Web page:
The opening
scenes of Mike Leigh's latest slice-of-life dramedy Happy-Go-Lucky introduce a protagonist who appears
psychologically disordered at worst, and highly annoying at best. Sally Hawkins
plays an incessant chatterbox with no apparent understanding of how her
attempts to spread sunshine are being received by the shopkeepers and passersby
who suffer through them. We later learn that Hawkins is a primary school
teacher, which is no surprise, since she's the kind of childlike free spirit
who relates well to kids. But it is surprising to learn that she's such a conscientious teacher, who goes the extra mile to
figure out what's wrong with one of her more violent pupils. And it's
reassuring to discover that she has such close friends, including a cynical
roommate who rolls her eyes at Hawkins' optimism, but obviously prefers Hawkins
just as she is.

Much of Happy-Go-Lucky is dedicated to alternately
confirming or defying our initial impressions of Hawkins. Throughout the movie,
Leigh contrasts his heroine with other teachers—most notably prickly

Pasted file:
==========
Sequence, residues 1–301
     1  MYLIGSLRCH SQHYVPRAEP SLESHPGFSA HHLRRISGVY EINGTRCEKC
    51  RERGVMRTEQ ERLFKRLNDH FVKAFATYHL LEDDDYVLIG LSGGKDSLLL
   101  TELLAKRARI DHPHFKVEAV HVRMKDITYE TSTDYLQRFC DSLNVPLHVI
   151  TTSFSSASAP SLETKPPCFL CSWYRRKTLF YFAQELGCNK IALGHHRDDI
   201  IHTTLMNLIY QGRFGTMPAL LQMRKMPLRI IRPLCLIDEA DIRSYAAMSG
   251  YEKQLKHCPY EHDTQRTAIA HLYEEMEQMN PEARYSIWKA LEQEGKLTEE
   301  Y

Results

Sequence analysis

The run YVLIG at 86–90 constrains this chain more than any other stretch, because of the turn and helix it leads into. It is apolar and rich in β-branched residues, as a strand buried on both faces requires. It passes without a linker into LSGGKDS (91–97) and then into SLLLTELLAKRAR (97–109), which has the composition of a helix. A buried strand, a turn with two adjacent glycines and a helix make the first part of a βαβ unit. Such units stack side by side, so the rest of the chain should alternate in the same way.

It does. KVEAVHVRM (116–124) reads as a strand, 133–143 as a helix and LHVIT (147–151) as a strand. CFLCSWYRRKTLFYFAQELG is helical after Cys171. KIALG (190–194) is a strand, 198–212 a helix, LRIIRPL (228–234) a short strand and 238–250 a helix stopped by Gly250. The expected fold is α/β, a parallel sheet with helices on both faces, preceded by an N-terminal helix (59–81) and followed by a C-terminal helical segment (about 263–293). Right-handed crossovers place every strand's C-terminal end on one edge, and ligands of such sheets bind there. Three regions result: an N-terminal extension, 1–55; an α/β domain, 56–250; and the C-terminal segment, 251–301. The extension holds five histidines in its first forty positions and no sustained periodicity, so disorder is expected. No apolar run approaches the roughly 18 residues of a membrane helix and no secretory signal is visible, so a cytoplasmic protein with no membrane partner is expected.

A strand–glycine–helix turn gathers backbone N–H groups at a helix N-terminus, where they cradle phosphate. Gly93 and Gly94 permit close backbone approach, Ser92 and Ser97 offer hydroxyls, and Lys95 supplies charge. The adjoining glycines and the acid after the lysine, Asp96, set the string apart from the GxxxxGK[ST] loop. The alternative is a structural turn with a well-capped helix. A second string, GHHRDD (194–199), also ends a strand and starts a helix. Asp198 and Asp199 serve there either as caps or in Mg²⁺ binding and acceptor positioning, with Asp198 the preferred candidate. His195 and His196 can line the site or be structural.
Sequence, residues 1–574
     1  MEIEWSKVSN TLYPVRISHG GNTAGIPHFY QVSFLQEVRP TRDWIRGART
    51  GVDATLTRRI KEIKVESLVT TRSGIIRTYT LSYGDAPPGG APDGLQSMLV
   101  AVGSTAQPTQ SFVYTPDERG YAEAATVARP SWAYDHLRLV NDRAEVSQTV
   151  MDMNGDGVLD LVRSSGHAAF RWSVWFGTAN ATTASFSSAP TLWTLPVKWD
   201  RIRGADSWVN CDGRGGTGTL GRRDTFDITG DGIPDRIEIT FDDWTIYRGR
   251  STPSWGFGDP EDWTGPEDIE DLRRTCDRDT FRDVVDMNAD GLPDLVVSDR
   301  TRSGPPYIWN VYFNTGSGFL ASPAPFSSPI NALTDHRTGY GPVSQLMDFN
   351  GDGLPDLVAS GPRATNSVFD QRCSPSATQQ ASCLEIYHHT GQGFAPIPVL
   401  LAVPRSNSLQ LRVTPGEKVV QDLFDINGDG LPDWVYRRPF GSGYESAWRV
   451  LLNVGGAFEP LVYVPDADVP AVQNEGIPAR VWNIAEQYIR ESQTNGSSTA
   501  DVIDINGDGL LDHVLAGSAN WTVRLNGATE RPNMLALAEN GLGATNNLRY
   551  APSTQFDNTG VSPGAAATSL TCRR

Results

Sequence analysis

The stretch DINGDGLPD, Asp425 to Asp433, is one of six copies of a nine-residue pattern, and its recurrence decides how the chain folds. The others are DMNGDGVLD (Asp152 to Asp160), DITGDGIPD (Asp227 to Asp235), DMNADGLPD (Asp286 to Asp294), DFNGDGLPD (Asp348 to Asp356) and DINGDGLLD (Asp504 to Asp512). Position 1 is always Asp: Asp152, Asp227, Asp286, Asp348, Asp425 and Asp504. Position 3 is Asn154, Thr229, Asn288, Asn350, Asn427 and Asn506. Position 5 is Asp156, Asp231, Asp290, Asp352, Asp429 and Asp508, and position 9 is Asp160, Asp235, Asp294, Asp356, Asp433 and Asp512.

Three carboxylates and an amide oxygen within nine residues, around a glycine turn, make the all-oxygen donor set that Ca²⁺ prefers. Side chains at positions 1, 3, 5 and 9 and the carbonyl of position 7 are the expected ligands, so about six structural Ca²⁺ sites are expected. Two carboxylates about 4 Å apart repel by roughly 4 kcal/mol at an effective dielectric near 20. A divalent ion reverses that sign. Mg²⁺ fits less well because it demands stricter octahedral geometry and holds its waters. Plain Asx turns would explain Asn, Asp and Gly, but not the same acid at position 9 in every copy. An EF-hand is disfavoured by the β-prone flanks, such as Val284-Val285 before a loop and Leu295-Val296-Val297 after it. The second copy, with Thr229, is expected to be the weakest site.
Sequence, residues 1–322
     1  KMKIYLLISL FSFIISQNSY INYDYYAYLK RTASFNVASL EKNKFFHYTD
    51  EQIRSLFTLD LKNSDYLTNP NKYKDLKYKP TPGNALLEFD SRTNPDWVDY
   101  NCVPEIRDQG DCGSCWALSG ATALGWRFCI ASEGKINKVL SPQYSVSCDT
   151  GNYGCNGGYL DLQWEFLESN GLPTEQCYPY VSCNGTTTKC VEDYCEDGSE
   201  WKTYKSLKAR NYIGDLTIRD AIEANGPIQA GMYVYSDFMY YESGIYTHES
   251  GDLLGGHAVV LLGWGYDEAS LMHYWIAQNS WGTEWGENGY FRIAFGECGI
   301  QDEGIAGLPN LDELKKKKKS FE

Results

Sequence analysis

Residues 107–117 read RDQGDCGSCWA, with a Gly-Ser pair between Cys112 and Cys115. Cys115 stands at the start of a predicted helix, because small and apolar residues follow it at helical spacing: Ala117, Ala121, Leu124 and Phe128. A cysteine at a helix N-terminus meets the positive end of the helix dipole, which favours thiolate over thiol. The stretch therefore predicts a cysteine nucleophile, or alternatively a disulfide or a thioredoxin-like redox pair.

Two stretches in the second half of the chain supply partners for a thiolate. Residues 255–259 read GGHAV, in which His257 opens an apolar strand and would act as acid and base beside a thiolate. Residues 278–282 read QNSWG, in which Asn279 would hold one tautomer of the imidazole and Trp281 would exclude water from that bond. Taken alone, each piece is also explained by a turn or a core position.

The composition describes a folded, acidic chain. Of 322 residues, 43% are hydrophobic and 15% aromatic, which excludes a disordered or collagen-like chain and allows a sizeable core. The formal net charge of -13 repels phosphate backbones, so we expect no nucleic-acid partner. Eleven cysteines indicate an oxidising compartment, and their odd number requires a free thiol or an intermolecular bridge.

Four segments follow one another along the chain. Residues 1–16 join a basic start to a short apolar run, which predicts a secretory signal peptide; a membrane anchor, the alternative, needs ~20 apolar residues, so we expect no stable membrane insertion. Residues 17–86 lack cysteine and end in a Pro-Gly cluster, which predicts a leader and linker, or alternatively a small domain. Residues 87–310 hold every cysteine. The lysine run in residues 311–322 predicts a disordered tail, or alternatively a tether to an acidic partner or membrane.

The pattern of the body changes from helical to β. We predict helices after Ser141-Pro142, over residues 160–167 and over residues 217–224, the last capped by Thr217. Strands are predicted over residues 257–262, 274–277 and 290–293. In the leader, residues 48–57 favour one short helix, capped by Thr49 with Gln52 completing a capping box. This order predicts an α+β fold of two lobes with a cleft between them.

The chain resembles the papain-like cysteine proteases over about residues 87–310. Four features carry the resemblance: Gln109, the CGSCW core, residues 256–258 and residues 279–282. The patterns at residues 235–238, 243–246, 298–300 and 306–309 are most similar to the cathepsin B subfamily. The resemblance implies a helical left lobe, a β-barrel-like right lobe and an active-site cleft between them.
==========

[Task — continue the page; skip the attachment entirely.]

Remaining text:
driving instructor Eddie Marson, who has an entirely different set of methods
and philosophies. Leigh also sets Hawkins against other manic types, including a
babbling homeless man that she vainly tries to help. Happy-Go-Lucky seems to be asking where a woman as
upbeat and seemingly naïve as Hawkins fits in this world. Does she need to grow
up (or at least shut up)? And will she lose something essential if she does?

Leigh withholds his own judgment as to whether Hawkins is a delight or a
terror. But he does create a noticeable tension between the audience's
expectations and the way the story plays out. He seems to be setting us up for
something horrible to happen. Also typical of Leigh, when that other shoe
finally does
drop, it doesn't quite land where we might've guessed. In the end, Happy-Go-Lucky isn't saying anything far-reaching
about this modern world and how it corrupts the innocent. It's just an exercise
in conflicting personalities, that constantly asks, "Who would you rather be?"

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